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Refinancing your mortgage could put cash in your pocket — here's how to find out if it's right for you

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Mortgage rates have hit yet another record low, so it's no wonder many Americans are refinancing their homes.

Add to that the coronavirus pandemic and the economic recession, and the need to find extra cash or to cut expenses becomes even greater. In fact, refinance applications are 111% higher than a year ago, according to the Mortgage Bankers Association.

The 30-year fixed mortgage rate is now 3.24% and the refinance rate is 3.33%, according to Bankrate.com.

"We are telling everybody who has a loan over 4% to consider refinancing, if they still have income," said Winnie Sun, president and founder of Irvine, California-based Sun Group Wealth Partners.

That's just what a relative of mine did. My 62-year-old uncle recently closed on refinancing the home he shares with his wife in Morris County, New Jersey. The couple took their interest rate down to 3.25% from 4.75% for a 30-year fixed mortgage.

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While they can now save about $500 a month on their mortgage payment, the couple opted to add $350 each month in order to pay the loan off in 20 years, which is what was left on their previous mortgage. They still have an extra $150 a month in their pockets and have the flexibility to pay the minimum if they need the extra money for any reason.

The decision to take the 30-year fixed loan is a smart one, since the monthly payments on a 15-year mortgage is higher, said Sun, a member of the CNBC Financial Advisor Council.

While her clients get excited about the low rates and contemplate a 15-year fixed mortgage, Sun suggests stashing the extra money saved on those monthly payments into an emergency fund in case someone loses their job or the pandemic lasts longer than expected. If they are able, they can pay more each month to bring down the principal, but have the option to cut back, if needed.

If you can reduce your interest rate by a half or three-quarters of a point, it is worth looking into refinancing.
Greg McBride
Bankrate

"We are in very unprecedented times and because most Americans don't have emergency funds and half of Americans are out of work, it's important to be realistic about money," Sun said.

So how do you know if it is the right time to refinance your home?

"If you can reduce your interest rate by a half or three-quarters of a point, it is worth looking into refinancing," said Greg McBride, chief financial analyst at Bankrate.com.

However, "it may not pan out in all those instances."

Determine your break even point

First, consider how long it will take you to earn back the cost of refinancing your home through your monthly savings. Then, look at how that timetable matches your future plans of staying in the home.

"If you can break even in two years and you have no intention of moving anytime soon, then you have the green light," McBride said.

Get the best rate

Just because the current rate is 3.30%, doesn't necessarily mean you'll get that rate.

"You have to have good credit," McBride said. "You have to have a debt ratio that is in line and you have to have sufficient income."

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Rates can also vary from lender to lender, so be sure to shop around. Start with your current lender, since your information is already on file. It may expedite the qualification process and possibly save you money, he said. Then, seek out other competitive quotes.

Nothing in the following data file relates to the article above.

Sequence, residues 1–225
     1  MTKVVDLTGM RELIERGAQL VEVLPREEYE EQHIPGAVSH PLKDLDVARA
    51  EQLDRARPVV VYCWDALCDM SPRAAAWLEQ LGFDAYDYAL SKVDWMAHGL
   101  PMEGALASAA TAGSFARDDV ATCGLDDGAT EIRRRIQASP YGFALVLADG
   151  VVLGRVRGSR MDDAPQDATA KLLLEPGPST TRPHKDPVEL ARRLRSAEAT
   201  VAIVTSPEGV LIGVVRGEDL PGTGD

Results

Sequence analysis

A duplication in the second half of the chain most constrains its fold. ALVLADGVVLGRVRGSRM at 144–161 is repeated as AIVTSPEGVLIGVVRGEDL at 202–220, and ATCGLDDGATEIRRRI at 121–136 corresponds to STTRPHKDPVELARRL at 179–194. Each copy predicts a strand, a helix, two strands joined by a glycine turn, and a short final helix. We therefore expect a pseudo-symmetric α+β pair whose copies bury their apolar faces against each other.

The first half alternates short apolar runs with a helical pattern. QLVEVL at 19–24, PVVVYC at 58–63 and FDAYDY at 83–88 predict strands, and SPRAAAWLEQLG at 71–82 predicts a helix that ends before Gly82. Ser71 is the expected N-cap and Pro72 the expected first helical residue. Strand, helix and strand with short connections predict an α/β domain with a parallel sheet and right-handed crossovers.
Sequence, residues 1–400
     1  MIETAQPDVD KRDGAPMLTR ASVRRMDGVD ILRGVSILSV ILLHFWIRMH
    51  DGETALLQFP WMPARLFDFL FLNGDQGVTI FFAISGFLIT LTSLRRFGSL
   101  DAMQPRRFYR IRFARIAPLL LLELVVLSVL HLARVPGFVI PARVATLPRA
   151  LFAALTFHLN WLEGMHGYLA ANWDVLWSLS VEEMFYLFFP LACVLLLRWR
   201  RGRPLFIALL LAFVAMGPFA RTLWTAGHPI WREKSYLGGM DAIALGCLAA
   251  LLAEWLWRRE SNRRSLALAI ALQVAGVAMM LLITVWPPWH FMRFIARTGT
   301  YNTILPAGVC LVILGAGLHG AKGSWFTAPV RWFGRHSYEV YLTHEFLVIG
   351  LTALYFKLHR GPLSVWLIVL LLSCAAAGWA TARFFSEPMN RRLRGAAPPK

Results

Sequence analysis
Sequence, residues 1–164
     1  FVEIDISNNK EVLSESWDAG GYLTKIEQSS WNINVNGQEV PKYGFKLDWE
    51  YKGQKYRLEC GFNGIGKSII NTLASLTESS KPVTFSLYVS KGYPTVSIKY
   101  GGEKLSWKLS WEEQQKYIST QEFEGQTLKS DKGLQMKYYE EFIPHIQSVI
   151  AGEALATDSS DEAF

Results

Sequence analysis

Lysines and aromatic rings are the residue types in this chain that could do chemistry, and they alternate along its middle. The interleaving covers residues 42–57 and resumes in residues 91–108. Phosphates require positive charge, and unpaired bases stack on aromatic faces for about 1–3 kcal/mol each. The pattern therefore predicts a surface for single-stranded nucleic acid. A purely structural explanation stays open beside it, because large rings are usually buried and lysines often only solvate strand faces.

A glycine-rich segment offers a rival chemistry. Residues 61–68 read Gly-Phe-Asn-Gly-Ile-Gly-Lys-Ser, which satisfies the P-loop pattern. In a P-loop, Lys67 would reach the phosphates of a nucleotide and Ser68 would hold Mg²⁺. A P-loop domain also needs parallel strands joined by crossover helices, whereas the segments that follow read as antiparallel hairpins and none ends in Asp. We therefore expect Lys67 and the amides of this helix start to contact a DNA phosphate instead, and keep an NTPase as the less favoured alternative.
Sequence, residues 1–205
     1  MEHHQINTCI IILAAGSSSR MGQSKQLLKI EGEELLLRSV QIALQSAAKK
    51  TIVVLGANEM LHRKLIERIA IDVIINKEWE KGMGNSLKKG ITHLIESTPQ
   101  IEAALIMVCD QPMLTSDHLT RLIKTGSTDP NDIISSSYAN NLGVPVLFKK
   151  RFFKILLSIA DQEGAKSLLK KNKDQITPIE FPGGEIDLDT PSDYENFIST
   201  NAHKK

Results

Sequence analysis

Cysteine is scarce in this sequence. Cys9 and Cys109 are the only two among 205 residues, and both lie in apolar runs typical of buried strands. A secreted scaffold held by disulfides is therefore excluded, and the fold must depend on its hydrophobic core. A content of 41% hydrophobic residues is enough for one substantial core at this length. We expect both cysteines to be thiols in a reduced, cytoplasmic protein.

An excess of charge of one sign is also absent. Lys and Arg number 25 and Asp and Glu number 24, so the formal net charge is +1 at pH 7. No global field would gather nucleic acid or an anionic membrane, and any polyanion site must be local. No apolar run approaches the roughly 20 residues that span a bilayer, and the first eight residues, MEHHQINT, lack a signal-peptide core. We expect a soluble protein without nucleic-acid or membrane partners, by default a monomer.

You may also find that your existing mortgage company will match a lower rate if you have it in an email from the competitor, Sun suggested.

Watch closing costs

Another factor to consider is if you can afford closing costs, which generally include the application fee, title fee, title search, title insurance and appraisal fee. It typically costs 2% to 6% of your loan amount to refinance, according to LendingTree.

Some refis can be done without any upfront closing costs, but the interest rate usually is higher since the costs are financed into the home, Bankrate reports.

Again, shop around since fees can vary.

"Often the best way to assess the true cost of that loan is to look at the annualized percentage rate," McBride said.

"It is reflective not only of the interest rate, but the fees that are charged in connection with getting that loan."

You may also get lower fees if you stay with your existing lender. Jeremy Crawford, an attorney who rents an apartment in New York, is currently refinancing his vacation home in Florida and only had to pay a $500 application fee.

Jeremy Crawford was able to drop his mortgage rate to 3% from 3.75% on his home in Florida.
Source: Jeremy Crawford

He bought the house, which he plans to use as his retirement home, in January and had an already low 3.75% rate. Crawford was able to reduce it to 3%. He'll close on July 17 and will save $167 a month.

"I do not have a 401(k) or retirement plan, so I've always been working to try to get some residual income," the 42-year-old said.

It's also not the first time Crawford has refinanced. He also owns an investment property in North Carolina, which he bought as a foreclosure in 2008. He did a cash-out refinance about two months ago, which many banks have temporarily stopped doing right now.

Crawford brought his rate down to 3.5% from 4.5% and walked away with about $65,000 in cash. He used a chunk of that money to buy a car and do upgrades to his Florida home, including a pool.

Now he's looking to start that retirement account.

"I'm going to open up a 401(k) this year," he said. "I opened an E-Trade account for the first time this year.

"All this stuff I was afraid to do because I wanted extra money in my pocket."

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